It's a list comprehension, which is nice Pythonic (and functional) way of processing the items in a list to produce another list, just as Ron says. Using a print() command inside the comprehension is a bit of a hack, as usually you would use a comprehension to create a new list. List comprehensions are very useful, as you can do lots with them in very little code e.g. filter items, transform items etc, and they do not modify the original list.
If you run the original comprehension in your Python shell, you get results like this:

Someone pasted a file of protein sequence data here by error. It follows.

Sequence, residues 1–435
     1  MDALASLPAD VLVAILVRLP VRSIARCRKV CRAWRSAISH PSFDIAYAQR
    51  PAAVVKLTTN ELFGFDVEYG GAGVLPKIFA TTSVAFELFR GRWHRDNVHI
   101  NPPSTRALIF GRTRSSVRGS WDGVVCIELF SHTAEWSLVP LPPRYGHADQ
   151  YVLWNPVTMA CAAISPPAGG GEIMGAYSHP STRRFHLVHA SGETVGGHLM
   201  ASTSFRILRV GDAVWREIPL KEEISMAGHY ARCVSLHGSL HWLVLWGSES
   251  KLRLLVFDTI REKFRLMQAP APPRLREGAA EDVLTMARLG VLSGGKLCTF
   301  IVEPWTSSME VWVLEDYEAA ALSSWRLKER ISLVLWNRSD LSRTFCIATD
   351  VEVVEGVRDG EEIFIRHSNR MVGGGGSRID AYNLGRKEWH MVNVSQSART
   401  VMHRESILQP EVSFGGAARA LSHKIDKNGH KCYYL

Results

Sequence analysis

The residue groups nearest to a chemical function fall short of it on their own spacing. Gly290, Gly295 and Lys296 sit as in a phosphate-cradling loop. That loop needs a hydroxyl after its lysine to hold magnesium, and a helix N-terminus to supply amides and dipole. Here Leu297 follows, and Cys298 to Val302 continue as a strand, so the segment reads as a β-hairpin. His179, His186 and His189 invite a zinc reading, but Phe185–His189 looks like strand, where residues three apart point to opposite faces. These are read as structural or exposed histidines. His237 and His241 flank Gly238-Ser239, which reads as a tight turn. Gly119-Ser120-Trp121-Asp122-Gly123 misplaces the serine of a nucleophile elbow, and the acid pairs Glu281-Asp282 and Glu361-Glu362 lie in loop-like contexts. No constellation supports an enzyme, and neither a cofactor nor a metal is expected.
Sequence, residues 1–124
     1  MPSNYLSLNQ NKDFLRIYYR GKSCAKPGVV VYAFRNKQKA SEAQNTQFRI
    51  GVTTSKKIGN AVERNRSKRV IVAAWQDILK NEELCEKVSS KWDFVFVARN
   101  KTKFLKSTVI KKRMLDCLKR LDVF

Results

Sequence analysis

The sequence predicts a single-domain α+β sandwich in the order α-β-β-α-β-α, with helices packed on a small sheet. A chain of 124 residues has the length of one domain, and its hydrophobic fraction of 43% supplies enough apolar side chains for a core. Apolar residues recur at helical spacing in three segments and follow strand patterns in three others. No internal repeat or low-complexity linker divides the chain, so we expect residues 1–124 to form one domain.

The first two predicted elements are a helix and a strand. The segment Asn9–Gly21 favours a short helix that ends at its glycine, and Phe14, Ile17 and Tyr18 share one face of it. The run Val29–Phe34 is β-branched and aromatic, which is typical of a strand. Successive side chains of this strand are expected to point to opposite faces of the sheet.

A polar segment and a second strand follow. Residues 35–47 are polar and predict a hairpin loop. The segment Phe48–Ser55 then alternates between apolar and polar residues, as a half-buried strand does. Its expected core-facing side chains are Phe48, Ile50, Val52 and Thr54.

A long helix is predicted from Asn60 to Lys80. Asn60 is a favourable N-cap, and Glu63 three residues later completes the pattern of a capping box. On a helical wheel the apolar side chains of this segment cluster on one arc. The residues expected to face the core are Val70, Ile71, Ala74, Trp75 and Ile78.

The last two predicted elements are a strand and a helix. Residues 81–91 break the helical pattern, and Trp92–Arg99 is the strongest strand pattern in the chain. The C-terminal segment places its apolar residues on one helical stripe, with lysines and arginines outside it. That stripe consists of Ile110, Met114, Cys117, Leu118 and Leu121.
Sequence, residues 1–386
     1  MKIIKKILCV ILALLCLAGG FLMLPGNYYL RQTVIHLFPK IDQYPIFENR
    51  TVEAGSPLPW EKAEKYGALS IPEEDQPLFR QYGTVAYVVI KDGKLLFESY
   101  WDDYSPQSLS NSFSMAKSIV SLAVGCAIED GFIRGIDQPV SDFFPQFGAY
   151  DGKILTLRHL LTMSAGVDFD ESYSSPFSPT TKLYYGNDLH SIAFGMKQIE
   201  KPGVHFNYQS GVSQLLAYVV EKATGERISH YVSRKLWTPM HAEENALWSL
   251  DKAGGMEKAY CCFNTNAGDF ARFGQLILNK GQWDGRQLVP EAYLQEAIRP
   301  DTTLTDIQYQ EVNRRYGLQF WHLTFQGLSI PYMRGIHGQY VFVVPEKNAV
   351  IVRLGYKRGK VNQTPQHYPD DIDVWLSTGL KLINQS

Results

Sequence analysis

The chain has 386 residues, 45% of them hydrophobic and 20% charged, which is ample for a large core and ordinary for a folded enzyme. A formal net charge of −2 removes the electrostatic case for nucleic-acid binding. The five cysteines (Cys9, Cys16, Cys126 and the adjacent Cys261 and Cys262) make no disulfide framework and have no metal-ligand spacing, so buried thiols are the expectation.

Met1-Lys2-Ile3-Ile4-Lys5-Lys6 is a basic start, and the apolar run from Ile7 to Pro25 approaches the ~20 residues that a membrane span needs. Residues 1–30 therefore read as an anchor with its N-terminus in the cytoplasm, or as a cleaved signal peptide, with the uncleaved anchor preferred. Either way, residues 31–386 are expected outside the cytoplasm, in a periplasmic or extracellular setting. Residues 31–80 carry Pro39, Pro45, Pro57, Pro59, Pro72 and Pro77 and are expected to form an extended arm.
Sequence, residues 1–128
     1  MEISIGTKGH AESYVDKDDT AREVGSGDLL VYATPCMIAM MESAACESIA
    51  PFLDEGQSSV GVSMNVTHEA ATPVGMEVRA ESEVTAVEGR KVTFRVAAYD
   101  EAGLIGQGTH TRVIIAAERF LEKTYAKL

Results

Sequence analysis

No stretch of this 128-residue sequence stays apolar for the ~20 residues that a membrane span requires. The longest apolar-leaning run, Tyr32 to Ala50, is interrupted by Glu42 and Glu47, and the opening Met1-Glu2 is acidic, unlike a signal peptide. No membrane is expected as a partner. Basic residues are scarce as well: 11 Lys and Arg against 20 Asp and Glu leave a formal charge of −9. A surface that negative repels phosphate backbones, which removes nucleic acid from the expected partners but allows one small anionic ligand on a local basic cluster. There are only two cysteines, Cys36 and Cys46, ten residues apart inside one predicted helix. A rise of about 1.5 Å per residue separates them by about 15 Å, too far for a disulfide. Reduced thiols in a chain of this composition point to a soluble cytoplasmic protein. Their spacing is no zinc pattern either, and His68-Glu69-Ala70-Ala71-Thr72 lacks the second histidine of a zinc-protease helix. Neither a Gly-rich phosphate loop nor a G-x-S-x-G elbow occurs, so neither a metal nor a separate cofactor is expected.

The command has printed each element from the original list, and also returned a list containing three "None" items - the values returned from the print() command each time. Because print() returns nothing, the comprehension returns a list of nothings:
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